adidasfuture 3Dprint

Have you ever wanted a shoe that is a customised fit for your foot?

Did you know that within a brand of shoes, generally the same last (the mould that the shoe is made from) is the same across every range within that brand?

However, every foot is unique and often the left and right can differ in the same person. What if you could have your own custom made last of your foot and have your shoes custom made?

Sounds expensive? Unlikely to be available for years to come? Slow to make? All wrong….

With the emergence of 3D printing, custom footwear is about to become a real possibility, without the huge custom footwear price tag.

I attended the Athletic Footwear Masterclass earlier this year with Simon Bartold in March and learnt that athletic footwear as we know it is about to change substantially. The technology is ready and Adidas started 3D printing their range of Futurecraft shoes in 2018.

The next step is to make the mass production method individualised. Using laser scanning, your foot image will be captured and sent to production to make a last of YOUR foot. This can then be combined with a prescription after a biomechanical assessment and gait analysis and sent to the shoe manufacturer. The options will be endless and if you have a favourite shoe you currently wear, it can be individualised for you. As everything is digitally produced, timeframes may be short – within a few days for the last to be made and a week or so for the new shoes.

Much like custom foot orthoses, which we at the Woodvale Podiatrist already have 3D printed, your 3D printed shoes will be able to incorporate the correct foot bed to support your foot in the areas it needs it most. This can be as specific as tailoring the shoe to your positional needs – think of the differences between a goalkeeper in soccer and a striker, or a centre in netball and a striker (both sports that I have played and I am passionate about). They both perform very different roles. At the moment you can get different shoes for different sports, but how much of a difference could it make to your game if you could have a shoe that was not only specific to the sport, but to the position you play as well?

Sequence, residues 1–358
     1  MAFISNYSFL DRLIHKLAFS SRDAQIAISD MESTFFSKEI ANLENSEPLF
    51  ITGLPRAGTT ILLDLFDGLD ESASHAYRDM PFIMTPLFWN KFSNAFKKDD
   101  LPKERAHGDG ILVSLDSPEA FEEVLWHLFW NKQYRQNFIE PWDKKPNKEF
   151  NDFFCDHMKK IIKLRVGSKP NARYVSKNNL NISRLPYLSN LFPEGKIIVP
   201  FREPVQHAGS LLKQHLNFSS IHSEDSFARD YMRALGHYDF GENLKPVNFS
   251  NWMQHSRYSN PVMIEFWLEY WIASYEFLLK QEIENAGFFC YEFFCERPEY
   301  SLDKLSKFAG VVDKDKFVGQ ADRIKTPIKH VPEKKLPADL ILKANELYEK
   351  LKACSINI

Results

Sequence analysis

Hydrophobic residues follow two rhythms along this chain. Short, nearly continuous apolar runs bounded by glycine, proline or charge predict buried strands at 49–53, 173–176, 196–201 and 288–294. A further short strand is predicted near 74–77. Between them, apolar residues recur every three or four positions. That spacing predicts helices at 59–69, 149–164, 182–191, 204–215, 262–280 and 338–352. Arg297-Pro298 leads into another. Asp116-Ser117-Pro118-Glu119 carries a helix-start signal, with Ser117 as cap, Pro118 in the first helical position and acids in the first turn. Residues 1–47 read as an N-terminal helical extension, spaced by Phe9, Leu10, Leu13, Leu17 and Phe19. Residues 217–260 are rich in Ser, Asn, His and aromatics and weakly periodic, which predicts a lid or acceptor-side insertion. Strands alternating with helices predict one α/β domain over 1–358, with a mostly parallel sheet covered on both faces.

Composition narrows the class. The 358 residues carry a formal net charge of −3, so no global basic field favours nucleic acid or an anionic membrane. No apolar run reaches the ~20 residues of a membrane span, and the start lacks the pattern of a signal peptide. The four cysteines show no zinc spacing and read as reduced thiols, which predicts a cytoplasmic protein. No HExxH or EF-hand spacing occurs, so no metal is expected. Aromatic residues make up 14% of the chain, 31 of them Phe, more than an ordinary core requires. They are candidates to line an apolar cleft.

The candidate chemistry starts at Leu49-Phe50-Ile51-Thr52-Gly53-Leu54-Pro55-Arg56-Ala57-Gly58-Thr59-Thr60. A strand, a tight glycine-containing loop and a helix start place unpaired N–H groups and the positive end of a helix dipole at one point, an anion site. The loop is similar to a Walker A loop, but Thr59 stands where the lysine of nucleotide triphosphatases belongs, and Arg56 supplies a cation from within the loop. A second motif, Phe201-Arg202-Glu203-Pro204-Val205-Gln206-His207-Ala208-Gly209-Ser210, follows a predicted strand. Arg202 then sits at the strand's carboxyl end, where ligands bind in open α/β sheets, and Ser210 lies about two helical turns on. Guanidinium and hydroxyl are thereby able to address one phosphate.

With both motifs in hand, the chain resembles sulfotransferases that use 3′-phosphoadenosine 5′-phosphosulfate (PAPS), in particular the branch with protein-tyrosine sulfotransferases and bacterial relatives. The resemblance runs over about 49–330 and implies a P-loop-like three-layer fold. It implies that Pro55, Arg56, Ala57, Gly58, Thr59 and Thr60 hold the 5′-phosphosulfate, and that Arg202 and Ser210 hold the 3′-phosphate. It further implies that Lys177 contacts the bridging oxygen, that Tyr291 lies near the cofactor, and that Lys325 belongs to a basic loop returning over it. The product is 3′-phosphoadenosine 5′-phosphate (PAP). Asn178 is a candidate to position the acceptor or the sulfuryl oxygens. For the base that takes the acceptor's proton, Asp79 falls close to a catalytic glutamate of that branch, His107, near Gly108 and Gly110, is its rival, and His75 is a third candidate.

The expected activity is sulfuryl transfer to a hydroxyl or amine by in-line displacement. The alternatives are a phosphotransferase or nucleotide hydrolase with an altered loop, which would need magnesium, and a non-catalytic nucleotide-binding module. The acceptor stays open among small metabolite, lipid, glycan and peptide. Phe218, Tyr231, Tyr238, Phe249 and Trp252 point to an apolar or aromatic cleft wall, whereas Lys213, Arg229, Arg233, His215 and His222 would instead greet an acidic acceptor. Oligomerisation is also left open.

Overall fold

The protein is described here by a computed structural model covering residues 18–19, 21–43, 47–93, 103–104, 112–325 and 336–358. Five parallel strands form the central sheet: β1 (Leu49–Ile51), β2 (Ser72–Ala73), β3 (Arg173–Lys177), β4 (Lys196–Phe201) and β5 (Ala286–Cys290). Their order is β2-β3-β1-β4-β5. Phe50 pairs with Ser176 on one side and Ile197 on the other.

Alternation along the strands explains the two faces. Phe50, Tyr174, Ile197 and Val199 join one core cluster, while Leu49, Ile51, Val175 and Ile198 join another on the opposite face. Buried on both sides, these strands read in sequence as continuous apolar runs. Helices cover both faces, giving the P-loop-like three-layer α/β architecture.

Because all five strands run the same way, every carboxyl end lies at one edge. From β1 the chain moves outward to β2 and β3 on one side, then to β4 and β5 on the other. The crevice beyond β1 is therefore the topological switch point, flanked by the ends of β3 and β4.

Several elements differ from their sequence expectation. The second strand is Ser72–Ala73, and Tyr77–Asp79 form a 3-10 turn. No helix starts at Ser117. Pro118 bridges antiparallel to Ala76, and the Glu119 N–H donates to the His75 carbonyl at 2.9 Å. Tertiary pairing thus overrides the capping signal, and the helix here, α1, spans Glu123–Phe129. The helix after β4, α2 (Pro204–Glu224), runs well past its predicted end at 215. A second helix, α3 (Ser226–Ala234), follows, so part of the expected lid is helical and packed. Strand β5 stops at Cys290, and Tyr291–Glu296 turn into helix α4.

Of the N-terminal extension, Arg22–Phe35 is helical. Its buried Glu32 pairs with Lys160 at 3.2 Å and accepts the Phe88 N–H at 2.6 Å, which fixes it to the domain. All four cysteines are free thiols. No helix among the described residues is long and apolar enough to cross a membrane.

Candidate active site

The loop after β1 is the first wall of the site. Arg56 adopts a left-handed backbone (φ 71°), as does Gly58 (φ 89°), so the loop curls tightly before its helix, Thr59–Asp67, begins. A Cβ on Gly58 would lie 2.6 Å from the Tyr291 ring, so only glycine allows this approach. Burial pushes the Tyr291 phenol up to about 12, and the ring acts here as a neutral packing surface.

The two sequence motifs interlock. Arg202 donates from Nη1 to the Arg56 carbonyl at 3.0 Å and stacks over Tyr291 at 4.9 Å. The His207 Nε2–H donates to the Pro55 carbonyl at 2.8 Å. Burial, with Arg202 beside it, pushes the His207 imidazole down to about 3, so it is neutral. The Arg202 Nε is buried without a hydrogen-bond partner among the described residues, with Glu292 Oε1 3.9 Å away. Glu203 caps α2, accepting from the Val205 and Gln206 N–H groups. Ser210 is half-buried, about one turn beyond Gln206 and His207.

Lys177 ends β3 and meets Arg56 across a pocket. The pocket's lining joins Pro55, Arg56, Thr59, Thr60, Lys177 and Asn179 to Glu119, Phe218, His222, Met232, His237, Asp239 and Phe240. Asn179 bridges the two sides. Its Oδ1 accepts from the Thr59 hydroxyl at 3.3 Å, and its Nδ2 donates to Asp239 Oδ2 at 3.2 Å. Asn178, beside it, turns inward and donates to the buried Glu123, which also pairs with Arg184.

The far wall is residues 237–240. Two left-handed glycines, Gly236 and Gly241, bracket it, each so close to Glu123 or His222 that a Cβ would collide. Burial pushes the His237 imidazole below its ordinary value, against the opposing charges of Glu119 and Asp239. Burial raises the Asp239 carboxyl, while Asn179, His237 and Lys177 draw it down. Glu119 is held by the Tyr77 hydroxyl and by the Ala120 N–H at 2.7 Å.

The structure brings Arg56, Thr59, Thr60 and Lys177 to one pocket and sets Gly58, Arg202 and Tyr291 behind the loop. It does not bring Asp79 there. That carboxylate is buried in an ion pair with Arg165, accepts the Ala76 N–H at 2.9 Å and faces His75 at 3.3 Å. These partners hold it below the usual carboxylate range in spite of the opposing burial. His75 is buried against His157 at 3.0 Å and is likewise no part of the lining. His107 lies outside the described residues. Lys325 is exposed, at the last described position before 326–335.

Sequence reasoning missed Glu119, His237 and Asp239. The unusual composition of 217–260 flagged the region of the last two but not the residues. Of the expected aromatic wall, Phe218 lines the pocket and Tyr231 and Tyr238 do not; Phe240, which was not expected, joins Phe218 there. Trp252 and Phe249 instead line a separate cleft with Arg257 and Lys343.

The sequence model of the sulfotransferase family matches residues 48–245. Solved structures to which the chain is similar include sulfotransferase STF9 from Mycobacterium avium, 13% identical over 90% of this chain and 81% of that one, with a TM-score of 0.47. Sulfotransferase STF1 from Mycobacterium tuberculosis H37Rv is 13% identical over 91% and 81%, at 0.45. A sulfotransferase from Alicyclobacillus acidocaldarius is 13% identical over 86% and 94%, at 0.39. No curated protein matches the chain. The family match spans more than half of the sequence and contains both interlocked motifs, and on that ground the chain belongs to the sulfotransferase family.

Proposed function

Another major benefit with athletic footwear will be the potential elimination of foot orthotics. Some sports shoes work well with orthotics, but others are limited for space. With customisation of the shoes midsole you will get the support you need without having to worry about orthotics as well. This also eliminates leaving your much-needed orthotics in a different pair of shoes on game day – nobody needs extra stress when you have an important game to play!

In terms of cost, it is currently estimated the sports shoes may only be $30-50 more than the current cost of the same shoe. The last itself (which is yours to keep and reuse until your foot changes significantly) may be around $100. Add in your assessment and scanning fee’s and you could  be walking away with an individualised pair of sports shoes at a similar price to what you would pay for custom foot orthotics. Subsequent pairs would be able to be offered at a reduced rate, as you would not have the last or the assessment and scanning fee’s to pay again*

Introduction of this technology is not far away for athletic footwear and I am excited to watch the outcomes and how it may also impact everyday footwear. I also anticipate this could be a huge development for high risk patients, including diabetics and amputees or post-surgery patients.

At this stage we at The Woodvale Podiatrist are not able to offer this service, but I will be keeping a close eye on developments as the technology is introduced. Any future developments will be posted through our website and social media.

*Please note that actual costs may vary and until the technology is in use, accurate costs cannot be provided. Private health fund coverage is also unknown at this stage.